FULL STORY HERE
There were a lot of roadblocks to their success: their small route network, lack of partner airlines (even the other Virgin brands use a different point scheme and they don't coordinate their flights), the US legacy carriers challenging their legal status, and the fact that they launched right at the beginning of a huge economic downturn. Many of the naysayers cited their massive quarterly losses as proof that they wouldn't survive and that they wouldn't fly them because their points and status would vanish when the inevitable bankruptcy happened.
For whatever reason, Virgin recently decided to focus heavily on profitability instead of expansion and now they're in the black for the first time. Hopefully this can help them handle those "but my points will vanish when they go bankrupt!" objections that some veteran flyers have about flying Virgin.
Another reason they avoid Virgin is the fact that most are chasing elite status on one of the big 3 and they don't want to "waste" a big transcontinental run on Virgin. Additionally, Virgin uses a fixed-value points plan (like JetBlue and other low cost carriers), so the sugar plum dreams of a mileage redemption for international first class aren't fed by flying Virgin, like they are on big carriers in big alliances.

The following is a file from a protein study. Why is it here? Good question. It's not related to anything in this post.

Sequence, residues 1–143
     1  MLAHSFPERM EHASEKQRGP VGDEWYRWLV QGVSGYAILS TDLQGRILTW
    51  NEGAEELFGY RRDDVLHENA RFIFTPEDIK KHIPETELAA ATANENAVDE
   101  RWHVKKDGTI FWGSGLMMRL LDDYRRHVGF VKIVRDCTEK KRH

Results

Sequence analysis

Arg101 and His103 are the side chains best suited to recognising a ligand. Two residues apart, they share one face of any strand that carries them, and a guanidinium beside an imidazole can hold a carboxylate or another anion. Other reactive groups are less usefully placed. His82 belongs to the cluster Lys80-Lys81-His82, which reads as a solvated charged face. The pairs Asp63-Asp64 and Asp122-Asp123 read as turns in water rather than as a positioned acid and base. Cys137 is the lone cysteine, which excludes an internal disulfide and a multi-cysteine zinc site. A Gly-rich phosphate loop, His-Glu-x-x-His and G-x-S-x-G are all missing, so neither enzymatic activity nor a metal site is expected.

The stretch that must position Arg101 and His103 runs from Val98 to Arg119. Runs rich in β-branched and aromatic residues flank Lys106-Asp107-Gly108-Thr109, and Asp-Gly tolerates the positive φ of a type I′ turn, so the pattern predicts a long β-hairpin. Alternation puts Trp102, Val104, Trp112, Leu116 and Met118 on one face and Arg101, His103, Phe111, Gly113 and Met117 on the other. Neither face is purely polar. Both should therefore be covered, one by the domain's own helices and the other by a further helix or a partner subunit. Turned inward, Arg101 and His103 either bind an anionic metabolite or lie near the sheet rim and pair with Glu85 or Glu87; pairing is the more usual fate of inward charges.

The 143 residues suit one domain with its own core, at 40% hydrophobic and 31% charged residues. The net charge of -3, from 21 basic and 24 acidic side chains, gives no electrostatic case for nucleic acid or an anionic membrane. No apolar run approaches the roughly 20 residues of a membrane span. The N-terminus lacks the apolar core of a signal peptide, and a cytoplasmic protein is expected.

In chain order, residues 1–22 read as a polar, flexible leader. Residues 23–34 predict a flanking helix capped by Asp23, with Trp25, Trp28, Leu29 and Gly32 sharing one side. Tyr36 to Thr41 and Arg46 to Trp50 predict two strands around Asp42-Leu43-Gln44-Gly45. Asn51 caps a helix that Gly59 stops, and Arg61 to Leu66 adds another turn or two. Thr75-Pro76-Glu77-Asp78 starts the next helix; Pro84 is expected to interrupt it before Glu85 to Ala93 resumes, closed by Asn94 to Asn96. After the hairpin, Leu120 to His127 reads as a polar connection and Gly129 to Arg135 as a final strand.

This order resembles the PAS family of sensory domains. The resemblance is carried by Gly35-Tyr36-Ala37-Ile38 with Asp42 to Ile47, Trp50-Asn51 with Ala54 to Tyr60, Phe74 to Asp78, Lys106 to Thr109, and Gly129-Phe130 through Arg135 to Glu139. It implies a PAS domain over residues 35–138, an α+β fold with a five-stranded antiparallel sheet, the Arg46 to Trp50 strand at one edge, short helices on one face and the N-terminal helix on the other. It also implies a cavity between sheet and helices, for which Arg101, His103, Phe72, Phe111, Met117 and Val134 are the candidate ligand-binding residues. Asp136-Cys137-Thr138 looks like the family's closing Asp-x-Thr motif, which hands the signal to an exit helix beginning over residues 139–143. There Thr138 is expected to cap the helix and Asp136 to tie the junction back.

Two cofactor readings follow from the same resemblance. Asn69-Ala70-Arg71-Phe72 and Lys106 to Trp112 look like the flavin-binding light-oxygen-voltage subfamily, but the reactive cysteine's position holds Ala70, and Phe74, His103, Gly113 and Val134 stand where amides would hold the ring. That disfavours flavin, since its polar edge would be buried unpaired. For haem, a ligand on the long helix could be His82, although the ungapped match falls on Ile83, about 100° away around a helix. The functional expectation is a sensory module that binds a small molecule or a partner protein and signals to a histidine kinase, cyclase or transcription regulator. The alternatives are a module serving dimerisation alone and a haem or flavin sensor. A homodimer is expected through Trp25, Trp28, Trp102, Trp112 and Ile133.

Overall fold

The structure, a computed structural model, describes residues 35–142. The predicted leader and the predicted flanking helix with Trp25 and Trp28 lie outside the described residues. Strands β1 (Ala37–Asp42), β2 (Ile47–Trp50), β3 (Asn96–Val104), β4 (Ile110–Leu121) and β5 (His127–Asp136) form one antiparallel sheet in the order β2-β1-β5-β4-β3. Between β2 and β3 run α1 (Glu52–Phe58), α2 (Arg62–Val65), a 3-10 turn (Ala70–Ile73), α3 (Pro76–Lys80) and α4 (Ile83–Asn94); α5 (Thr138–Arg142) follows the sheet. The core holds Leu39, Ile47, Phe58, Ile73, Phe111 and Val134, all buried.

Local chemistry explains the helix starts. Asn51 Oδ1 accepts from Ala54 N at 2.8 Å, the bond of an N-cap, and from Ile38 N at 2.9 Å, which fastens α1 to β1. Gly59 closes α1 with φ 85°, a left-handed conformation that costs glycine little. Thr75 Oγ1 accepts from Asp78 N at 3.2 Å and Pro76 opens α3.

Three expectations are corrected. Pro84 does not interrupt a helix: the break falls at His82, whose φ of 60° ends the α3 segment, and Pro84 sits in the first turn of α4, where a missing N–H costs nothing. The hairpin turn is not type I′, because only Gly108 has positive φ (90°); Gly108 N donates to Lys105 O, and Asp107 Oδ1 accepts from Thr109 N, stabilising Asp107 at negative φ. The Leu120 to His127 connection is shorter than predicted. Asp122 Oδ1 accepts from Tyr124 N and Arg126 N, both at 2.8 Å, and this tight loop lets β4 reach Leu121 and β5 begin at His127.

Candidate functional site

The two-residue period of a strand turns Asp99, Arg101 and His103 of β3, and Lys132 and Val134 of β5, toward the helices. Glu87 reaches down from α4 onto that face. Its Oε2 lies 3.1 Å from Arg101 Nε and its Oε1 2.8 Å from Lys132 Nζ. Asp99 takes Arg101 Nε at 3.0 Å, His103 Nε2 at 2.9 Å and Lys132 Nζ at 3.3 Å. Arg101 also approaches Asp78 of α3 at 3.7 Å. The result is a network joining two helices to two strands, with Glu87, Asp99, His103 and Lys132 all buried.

Now that the economy is picking up and the number of empty seats is dropping, prices are shooting up, airlines are gutting their elite programs, jacking up prices, and adding barriers to elite status (like minimum spending requirements for higher elite tiers). This means many people chasing elite status by doing lots of cheap mileage runs won't be able to qualify any longer. I think this might drive a whole class of flyers to consider flying Virgin who never considered it before.